Organ printing: self-assembling cell aggregates as a "bioink"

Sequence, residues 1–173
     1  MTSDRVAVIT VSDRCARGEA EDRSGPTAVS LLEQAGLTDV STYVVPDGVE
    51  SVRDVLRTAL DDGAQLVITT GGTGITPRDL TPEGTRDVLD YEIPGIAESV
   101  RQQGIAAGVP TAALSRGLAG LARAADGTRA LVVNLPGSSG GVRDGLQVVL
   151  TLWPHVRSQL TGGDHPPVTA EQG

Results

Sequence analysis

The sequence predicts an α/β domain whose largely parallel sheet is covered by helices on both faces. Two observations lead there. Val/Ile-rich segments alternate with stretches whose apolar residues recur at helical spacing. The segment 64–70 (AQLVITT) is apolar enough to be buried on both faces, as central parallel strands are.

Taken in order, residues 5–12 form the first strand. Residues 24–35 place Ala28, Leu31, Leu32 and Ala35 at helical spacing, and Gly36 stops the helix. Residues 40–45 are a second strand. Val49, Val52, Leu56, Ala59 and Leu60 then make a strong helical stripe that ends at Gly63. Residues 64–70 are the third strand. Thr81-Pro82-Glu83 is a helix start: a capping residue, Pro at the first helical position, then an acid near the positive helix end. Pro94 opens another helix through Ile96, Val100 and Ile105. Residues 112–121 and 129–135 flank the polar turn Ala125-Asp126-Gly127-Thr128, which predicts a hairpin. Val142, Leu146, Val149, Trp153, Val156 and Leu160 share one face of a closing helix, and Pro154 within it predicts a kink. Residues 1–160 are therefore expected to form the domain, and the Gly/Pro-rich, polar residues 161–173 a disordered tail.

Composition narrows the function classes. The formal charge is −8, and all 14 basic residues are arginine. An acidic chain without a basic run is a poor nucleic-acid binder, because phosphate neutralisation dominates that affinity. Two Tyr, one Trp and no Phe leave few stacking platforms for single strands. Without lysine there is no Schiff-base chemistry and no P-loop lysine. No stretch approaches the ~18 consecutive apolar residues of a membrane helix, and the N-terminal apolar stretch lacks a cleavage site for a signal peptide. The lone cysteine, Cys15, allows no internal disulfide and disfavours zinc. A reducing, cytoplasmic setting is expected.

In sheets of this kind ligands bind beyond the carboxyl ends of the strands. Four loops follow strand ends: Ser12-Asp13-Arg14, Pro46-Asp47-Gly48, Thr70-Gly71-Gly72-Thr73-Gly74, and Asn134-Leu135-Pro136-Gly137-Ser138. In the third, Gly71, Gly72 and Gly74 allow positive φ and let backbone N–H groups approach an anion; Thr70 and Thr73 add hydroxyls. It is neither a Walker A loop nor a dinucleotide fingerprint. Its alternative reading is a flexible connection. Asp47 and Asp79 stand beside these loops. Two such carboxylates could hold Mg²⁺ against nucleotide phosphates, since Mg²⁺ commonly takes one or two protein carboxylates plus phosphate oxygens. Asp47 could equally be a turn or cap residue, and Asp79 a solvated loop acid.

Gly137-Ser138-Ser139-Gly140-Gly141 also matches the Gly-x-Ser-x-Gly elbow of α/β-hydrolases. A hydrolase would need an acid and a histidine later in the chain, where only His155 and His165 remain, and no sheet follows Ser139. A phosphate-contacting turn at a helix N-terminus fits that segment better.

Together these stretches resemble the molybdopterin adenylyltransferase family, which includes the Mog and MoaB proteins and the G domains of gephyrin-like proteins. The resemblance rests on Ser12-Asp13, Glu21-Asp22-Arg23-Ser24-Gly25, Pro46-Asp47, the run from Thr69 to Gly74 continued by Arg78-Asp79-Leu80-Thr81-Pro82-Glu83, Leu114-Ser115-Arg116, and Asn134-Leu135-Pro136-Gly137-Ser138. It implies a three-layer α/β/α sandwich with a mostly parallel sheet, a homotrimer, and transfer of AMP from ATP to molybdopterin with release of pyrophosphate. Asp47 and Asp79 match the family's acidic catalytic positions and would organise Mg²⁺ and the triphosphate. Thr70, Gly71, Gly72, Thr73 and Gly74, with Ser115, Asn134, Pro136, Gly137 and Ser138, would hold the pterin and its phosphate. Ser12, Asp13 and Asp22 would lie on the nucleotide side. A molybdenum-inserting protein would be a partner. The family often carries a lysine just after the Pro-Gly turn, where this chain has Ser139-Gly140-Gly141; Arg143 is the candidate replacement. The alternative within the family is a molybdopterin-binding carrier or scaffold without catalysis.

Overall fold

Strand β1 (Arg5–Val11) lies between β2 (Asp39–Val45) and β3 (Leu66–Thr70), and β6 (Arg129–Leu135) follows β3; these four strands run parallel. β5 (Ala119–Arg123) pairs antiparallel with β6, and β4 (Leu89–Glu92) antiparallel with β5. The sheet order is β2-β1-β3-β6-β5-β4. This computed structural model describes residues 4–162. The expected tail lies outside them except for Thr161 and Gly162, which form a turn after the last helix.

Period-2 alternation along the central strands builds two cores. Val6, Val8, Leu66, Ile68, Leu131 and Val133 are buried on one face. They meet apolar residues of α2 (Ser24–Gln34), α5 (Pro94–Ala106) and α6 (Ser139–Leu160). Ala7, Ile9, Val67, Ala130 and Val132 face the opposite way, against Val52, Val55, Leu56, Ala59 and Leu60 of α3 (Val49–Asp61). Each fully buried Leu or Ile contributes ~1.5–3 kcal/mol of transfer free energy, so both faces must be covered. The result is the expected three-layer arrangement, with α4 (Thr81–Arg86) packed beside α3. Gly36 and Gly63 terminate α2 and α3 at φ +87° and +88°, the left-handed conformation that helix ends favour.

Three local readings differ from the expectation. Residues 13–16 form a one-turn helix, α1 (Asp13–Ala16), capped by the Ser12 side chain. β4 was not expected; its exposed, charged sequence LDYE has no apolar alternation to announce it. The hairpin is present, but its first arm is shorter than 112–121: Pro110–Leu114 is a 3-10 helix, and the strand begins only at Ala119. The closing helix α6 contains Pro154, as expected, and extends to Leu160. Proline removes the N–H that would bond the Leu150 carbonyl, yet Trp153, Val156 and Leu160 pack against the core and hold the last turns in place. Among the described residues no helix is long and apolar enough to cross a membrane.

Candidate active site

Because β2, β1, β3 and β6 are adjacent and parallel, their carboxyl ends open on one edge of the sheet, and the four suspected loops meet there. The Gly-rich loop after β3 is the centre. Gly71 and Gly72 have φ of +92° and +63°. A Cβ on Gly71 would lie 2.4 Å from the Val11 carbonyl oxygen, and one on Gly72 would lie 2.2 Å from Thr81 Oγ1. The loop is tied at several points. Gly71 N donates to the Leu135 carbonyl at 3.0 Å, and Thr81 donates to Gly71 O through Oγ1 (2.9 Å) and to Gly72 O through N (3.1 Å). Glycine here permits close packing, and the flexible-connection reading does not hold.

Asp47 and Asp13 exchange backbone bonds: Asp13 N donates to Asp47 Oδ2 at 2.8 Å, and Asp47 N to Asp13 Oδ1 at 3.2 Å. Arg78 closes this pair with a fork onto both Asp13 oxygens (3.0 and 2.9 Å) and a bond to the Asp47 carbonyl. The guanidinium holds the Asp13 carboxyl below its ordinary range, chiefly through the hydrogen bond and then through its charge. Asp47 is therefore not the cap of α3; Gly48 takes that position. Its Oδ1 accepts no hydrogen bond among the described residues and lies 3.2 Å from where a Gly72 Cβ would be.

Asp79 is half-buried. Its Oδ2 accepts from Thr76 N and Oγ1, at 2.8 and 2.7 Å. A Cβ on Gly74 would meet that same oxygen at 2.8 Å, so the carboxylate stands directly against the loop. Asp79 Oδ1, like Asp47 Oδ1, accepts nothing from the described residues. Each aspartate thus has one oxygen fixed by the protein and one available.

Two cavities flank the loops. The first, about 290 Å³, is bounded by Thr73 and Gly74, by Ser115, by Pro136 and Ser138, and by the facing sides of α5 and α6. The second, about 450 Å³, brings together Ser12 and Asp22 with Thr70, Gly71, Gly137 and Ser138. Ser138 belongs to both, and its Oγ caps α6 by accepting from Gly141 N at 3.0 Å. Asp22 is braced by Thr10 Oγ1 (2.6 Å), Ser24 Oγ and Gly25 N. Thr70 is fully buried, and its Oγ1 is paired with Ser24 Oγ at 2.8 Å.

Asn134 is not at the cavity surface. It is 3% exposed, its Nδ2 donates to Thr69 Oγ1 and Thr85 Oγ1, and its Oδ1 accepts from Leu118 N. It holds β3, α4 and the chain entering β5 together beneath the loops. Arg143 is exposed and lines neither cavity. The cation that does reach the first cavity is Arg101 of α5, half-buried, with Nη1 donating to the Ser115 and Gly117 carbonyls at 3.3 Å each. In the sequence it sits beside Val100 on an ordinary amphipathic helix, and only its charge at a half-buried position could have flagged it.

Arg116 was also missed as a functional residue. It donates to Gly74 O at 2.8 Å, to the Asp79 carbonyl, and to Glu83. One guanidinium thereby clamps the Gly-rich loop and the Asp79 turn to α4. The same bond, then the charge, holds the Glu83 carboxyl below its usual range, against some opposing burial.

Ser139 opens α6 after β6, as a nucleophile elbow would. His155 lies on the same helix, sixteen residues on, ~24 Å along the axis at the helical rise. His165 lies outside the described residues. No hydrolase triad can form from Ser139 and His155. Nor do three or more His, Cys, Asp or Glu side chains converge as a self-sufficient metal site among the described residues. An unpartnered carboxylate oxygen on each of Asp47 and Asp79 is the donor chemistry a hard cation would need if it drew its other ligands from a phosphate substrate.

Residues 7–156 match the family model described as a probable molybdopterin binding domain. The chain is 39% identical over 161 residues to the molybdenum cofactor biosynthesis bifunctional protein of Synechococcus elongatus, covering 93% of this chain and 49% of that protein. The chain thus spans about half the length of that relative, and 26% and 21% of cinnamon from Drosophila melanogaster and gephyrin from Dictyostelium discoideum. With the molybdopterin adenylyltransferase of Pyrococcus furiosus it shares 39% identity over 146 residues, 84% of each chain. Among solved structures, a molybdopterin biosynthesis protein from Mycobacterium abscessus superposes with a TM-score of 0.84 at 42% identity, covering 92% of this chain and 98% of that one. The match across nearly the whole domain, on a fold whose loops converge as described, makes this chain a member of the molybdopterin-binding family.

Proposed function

We constructed a model cytoskeleton to investigate the proposal that this interconnected filamentous structure can act as a mechano- and signal transducer. The model cytoskeleton is composed of rigid rods representing actin filaments, which are connected with springs representing cross-linker molecules. The entire mesh is placed in viscous cytoplasm. The model eukaryotic cell is submitted to either shock wave-like or periodic mechanical perturbations at its membrane. We calculated the efficiency of this network to transmit energy to the nuclear wall as a function of cross-linker stiffness, cytoplasmic viscosity, and external stimulation frequency. We found that the cytoskeleton behaves as a tunable band filter: for given linker molecules, energy transmission peaks in a narrow range of stimulation frequencies. Most of the normal modes of the network are spread over the same frequency range. Outside this range, signals are practically unable to reach their destination. Changing the cellular ratios of linker molecules with different elastic characteristics can control the allowable frequency range and, with it, the efficiency of mechanotransduction.View Publication